Let's move this conversation to Salty's thread so that this one is not derailed.
Edited to add: only problem with this is that you need to have access to the end, so that won't work. It does look very nice though and would be super strong."

Another option would be a clove hitch - that doesn't need access to the end.

See ABOK #1161 where he uses this with multiple loops.
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Old 26-07-2014, 02:32   #30
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Re: Best knot for shortening a line (temporarily)

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Originally Posted by StuM View Post
Another option would be a clove hitch - that doesn't need access to the end.
Steve Bean beat you to this suggestion :

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One way to make a sheepshank more secure is to use a clove hitch at each end rather than just one half hitch, and tighten up well.
Stu, I really like your marlinspike hitch on a sheepshank suggestion. This could also be added to the handcuff knot instead of just a half hitch. The clove hitch is another alternative there too.

If a huge amount of line needs to be taken up, the handcuff knot secures the centre of it nicely.

I have been looking through the posts in this thread at all the midline options to shorten a line. This is the collection so far:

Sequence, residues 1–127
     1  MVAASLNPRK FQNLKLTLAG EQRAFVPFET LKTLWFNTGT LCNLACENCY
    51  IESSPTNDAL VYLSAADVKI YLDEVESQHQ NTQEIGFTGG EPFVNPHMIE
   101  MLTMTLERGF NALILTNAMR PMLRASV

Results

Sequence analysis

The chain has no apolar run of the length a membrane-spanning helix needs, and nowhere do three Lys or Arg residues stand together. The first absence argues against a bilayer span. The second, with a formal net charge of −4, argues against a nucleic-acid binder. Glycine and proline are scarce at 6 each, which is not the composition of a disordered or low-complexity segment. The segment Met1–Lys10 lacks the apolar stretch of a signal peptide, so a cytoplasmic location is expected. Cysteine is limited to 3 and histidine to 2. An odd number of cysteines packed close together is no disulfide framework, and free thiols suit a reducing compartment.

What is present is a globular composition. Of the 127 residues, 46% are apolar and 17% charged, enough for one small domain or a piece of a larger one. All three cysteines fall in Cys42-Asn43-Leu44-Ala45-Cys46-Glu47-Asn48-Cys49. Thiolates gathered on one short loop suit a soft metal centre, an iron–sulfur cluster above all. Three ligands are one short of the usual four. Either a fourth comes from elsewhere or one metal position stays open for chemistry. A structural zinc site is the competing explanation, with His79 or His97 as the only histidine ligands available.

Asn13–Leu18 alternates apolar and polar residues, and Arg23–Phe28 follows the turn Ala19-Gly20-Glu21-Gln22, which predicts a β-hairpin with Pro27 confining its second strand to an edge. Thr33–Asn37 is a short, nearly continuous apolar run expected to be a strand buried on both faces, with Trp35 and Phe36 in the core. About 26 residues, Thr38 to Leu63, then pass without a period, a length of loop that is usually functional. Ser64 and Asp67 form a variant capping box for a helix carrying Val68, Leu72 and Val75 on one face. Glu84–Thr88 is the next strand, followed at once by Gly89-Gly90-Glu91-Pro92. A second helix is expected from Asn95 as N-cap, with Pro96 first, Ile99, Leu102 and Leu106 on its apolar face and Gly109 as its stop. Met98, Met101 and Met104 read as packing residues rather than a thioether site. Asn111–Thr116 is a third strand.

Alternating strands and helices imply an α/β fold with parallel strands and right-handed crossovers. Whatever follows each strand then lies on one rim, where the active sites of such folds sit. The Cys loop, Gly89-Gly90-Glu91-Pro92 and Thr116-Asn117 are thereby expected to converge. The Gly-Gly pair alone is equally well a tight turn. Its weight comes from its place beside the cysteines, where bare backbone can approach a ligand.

- Sheepshank (uses a half hitch on the loops and as Salty said is very "loosely goosey") = Nudo Margarita in Spanish
- Sheepshank with a clove hitch instead of the half hitch
- Sheepshank with a marlinspike hitch instead of the half hitch
- Sheepshank with bowline type finish on each loop
- Handcuff with a half hitch on each loop = Man o'war sheepshank
- Handcuff with a clove hitch instead of the half hitch
- Handcuff with a marlinspike hitch instead of the half hitch
- Handcuff with a with bowline type finish on each loop
- Alpine butterfly loop (excellent as long as you only need to shorten a small amount of line, it becomes unwieldily to tie otherwise)

I suppose you could even use three half hitches on either the sheepshank or handcuff knot.

And using supplementary aids:
- Sheepshank secured with sail makers' twine or cable ties
- Use a short line to tie two rolling hitches to shorten the line


The midline bowline is not useful here as strain is put on the 'tail' not the loop.

Martinworswick, I haven't been able to make head nor tail of your suggestion .